Over the Counter Medications

Over the counter medications are often used in place of other types of drugs for the purpose of getting high. When these medications are used according to their labels, they don't lead to an addiction. Addiction occurs when various types of drugs are combined with each other, when they're modified in some way, or when they're taken in a way that goes against the label.

What many people don't realize is that even over the counter medications can become addictive when they're being abused. Once an addiction takes place, it's often discovered when withdrawal symptoms are experienced because of a lapse of time between doses. These might include:

  • Becoming very confused
  • Experiencing hostile behavior
  • Symptoms of anxiety
  • Significant mood changes
  • Depression symptoms

Stopping over the counter medications on your own might seem to be the normal course of action, but doing so can be very dangerous. Drug detox is recommended before attempting to stop these medications cold turkey.

Alcohol

People often don't realize how dangerous alcohol is because it's so easily accessible. For that reason, those who are addicted to it will commonly try to quit drinking on their own, rather than getting professional help to stop. Alcohol withdrawal symptoms can become very severe, and their intensity tends to increase in a short amount of time. Withdrawal symptoms from alcohol can include:

  • Anxiety or panic attacks
  • Stomach pain with vomiting
  • An increase in blood pressure
  • Feeling mentally confused
  • Onset of a fever

Seizures are also possible when stopping the use of alcohol. In fact delirium tremens can set in, and if this condition is not treated, it can become deadly.

Opting for detoxification is the best way to overcome an alcohol addiction, and it's also the safest way to stop drinking. Detox is beneficial because withdrawal symptoms can be minimized, and if medical intervention becomes necessary, it can be obtained immediately.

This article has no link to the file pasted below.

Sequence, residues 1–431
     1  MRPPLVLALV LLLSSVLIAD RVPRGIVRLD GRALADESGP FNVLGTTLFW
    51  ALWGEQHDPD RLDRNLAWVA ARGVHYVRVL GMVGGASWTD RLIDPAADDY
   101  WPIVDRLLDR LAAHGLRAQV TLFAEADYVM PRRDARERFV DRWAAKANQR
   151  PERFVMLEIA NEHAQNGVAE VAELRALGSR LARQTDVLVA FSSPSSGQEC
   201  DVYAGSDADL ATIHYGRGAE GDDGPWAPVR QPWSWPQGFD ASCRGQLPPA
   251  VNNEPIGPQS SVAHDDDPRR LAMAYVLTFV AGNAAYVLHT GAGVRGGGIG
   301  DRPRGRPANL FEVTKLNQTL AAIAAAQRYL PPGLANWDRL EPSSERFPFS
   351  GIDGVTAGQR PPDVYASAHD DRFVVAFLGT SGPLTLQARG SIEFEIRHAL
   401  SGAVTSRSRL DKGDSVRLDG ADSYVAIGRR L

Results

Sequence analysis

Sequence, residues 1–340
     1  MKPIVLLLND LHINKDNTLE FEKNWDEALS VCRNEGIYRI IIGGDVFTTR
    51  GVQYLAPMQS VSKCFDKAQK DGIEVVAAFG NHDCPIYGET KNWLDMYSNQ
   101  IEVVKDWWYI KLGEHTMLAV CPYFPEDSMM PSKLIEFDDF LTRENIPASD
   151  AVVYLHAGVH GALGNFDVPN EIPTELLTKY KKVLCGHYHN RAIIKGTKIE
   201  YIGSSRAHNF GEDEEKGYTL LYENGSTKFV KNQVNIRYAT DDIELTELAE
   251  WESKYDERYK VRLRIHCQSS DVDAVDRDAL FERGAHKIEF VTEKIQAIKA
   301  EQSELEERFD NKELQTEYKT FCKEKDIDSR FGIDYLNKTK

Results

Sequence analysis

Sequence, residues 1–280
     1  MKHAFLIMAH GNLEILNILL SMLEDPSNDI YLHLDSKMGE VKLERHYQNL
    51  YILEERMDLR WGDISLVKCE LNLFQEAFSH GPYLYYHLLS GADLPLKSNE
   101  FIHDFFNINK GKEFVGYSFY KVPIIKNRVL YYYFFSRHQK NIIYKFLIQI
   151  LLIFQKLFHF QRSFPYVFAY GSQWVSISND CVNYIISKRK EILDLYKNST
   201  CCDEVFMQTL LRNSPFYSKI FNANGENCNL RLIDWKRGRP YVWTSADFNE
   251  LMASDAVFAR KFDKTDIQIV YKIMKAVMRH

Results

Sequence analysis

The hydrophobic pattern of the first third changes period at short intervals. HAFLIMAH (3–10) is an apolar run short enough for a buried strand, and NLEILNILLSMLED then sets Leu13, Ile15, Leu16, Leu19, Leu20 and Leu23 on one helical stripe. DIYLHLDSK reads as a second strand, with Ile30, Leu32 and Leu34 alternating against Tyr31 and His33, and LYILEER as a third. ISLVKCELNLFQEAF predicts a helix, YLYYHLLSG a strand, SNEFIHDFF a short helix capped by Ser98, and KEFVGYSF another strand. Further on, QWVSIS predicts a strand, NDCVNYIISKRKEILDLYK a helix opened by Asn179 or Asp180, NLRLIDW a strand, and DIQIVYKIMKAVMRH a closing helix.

Opt for Drug Detox in Colorado at AspenRidge Recovery

People often think that going through drug detox is going to be scary for them, or that it will be worse than trying to quit using on their own. In addition, they will often assume that they have their drug use completely under their control, and that they're not really addicted. These individuals tend to think of stopping their drug use as something that will produce minimal withdrawal symptoms, at best. Neither of these beliefs is true, and if you choose to stop using drugs without professional help, not only are you putting yourself in danger, but you're most likely setting yourself up for failure.

At AspenRidge Recovery, we only utilize the most modern, holistic methods for drug detox. Our goal is to minimize the effects that withdrawal symptoms have on your body and mind, and to help you successfully stop using them without worrying about relapsing. If you would like to learn more about how AspenRidge Recovery can help you with your addiction, please contact us.